Vaccine passports exclude international students
Provincial spokesperson says to expect announcement in coming weeks

As Manitoba continues to rapidly hit vaccination-rate milestones laid out in the 4-3-2-One Great Summer reopening plan, public health orders are being eased and more privileges extended to those with Manitoba health cards and two doses of COVID-19 vaccine, yet international students remain left out.

On July 17, the province moved into the second phase of the reopening plan, hitting the Aug. 2 milestone of at least 75 per cent of Manitobans aged 12 and up having their first dose of a vaccine and at least 50 per cent of those aged 12 and up having their second dose on July 6.

“We are close to achieving all of our vaccination milestones ahead of schedule,” said Manitoba Premier Brian Pallister in a press release July 14. “Now we just need that extra effort by every Manitoban not yet vaccinated to roll up your sleeve and push us across the finish line.”

As of July 18, 77.5 per cent of Manitobans aged 12 and up have received at least one dose, while 61.7 per cent have received two. The final milestone, set for Sept. 6, is to have 80 per cent of eligible Manitobans with their first dose and 75 per cent with their second.

With the new easing of restrictions, many facilities are now able to open at 50 per cent capacity, indoor gatherings at private residences are capped at five people plus household members, walk-ins are permitted for personal care services such as haircuts and cultural and religious facilities may operate at 50 per cent capacity or 150 people indoors, whichever is lower.

New privileges for those who are fully immunized include being able to visit movie theatres, bingo halls, casinos, museums and galleries, all open at 50 per cent capacity.

In 2018, international students in Manitoba lost the universal health care coverage brought in by the NDP government in 2012. It was hoped that the government would see savings of around $3.1 million from ending the program.

With this change, international students also lost their access to Manitoba health cards — a requirement for receiving a vaccine card in order to demonstrate proof of full immunity — which leaves these privileges inaccessible to international students.

Students vaccinated in the province can request vaccination records, although it is unclear if these records will be accepted as an alternative to the vaccine card.

University of Manitoba International Students Organization president Towani Mutale said in an email July 16 that members of her organization have raised concerns about access to such vaccination records.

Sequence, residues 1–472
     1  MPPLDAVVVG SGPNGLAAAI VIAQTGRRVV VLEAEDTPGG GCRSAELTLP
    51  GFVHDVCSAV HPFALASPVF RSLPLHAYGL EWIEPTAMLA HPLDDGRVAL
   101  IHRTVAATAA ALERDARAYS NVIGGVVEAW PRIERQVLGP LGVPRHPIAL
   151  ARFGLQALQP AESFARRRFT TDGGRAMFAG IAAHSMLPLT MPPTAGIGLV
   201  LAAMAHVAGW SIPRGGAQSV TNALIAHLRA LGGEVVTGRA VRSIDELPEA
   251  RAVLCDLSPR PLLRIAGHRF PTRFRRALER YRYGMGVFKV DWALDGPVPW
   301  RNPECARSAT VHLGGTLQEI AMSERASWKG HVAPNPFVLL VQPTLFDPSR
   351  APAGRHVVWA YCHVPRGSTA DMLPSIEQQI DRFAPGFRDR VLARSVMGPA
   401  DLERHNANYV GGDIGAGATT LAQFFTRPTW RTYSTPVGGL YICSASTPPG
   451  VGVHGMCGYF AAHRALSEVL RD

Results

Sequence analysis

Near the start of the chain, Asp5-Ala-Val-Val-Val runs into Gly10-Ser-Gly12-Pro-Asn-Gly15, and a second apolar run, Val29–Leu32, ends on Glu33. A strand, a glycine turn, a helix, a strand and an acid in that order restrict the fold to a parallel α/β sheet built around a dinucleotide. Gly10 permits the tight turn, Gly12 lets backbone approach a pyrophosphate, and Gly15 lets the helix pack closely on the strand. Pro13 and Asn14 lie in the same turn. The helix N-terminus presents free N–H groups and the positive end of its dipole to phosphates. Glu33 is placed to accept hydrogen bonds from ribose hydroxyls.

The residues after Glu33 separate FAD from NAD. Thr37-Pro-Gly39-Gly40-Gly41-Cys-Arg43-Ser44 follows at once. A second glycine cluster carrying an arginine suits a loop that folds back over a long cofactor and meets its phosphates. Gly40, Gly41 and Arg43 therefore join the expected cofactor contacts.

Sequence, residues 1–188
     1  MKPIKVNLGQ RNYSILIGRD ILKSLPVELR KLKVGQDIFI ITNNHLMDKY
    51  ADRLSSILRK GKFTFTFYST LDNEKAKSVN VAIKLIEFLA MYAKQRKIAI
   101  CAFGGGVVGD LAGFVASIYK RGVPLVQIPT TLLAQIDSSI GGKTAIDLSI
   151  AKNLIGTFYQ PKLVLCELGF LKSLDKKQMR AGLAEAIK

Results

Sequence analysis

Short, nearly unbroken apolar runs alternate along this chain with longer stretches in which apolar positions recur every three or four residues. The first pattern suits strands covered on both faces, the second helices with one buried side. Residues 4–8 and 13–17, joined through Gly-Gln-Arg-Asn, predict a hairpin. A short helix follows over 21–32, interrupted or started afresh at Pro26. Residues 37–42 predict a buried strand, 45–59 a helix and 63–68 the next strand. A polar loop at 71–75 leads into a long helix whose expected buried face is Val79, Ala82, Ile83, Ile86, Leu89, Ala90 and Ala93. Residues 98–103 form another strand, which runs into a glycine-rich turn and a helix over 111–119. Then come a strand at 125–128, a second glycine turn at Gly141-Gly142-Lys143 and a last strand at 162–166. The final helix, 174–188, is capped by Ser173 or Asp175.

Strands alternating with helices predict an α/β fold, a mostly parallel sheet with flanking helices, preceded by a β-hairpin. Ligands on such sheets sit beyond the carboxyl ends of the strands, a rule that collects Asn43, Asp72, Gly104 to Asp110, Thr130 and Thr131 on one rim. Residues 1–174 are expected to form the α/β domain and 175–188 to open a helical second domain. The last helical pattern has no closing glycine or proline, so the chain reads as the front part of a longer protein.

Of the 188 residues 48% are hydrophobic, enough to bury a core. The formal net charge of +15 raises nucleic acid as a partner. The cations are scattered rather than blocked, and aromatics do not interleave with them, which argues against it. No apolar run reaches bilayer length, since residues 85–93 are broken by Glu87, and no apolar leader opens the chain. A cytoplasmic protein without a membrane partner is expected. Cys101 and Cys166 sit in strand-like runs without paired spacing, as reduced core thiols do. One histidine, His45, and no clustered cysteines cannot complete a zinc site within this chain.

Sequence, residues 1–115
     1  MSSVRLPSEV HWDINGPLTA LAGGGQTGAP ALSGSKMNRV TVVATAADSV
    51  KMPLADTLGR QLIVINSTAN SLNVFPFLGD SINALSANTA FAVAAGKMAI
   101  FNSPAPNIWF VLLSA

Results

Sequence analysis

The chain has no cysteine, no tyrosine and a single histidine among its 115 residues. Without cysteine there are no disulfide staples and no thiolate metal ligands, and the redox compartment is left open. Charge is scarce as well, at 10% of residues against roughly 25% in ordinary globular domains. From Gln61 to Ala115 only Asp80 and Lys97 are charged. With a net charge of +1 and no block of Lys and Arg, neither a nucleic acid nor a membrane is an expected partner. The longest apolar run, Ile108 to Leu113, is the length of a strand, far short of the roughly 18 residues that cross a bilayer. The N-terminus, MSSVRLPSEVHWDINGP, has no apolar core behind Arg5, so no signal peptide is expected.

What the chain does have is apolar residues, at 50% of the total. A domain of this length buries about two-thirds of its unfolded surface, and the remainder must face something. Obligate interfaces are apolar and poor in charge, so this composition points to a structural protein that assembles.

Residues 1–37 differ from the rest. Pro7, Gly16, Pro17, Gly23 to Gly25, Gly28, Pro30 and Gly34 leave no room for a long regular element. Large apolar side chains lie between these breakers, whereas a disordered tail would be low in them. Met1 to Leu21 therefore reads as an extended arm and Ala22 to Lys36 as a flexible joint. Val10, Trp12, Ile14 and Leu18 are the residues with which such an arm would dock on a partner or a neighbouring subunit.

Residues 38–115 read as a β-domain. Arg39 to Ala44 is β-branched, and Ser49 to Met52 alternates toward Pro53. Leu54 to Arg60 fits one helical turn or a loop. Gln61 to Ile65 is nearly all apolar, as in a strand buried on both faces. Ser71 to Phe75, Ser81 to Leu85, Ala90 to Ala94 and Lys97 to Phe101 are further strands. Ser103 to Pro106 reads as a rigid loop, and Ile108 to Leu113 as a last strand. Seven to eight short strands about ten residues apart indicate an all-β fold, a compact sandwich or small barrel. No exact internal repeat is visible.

Mutale said that some students have received their records as soon as eight days after requesting them and some are still waiting after two weeks.

“There are also questions about the validity of the record, especially in comparison to the vaccine passport,” she said.

She also voiced a lack of information for international students beyond being given instructions on how to request that record.

A provincial spokesperson said in an email that work is being done to develop a solution for people vaccinated in the province without Manitoba health cards and that an announcement will be made in the coming weeks.

Callum Morrison, an international student at the University of Manitoba, has been self-advocating around this issue, contacting university administration, MLAs and student unions.

“[The provincial government] hasn’t given us any sense of a timeline,” he said of the current situation for international students. “We don’t know what that timeline is, is it something that could be next week? Is it going to take another month? Are they finalizing it?”

For Morrison, this goes beyond access to privileges in a pandemic — it is a question of international students’ right to health care.

He cited recent cases of international students in Manitoba receiving massive medical bills — in one case, well over $100,000 — as being indicative of a much larger issue with how health care for international students is handled in the province.

“It’s the realities of asking people to rely on a business for their health care,” he said. “It could’ve been anyone.”

Morrison pointed out that commenters online were saying that it would have been worse had the student been in the U.S. — a bar in terms of health care that he sees as unacceptably low.

“There’s a lot of people in Manitoba who don’t seem to really respect international students and seem to see us as both leeches and incredibly rich,” he said. “If I was exceedingly wealthy, I don’t think I’d be at school anyway.”

In his own recent experiences, the lack of a Manitoba health card has led to much confusion over accessing health care services.

In one instance, he was initially told at a doctor’s office that his insurance would be direct billed. After driving a long distance home, he was called and asked to come back to pay for the services up front. By the time he returned to pay his bill — driving a cumulative 225 kilometres between the two trips through rural Manitoba — the clinic had closed.

“A lot of international students don’t have access to a vehicle,” he said. “It does make even accessing health care they’re paying for more difficult.”

“I believe we have a great case for international students getting health care and I believe we have a great case for something like vaccination cards,” he said.

“We just have to keep at it […] dripping water could eventually dissolve limestone.”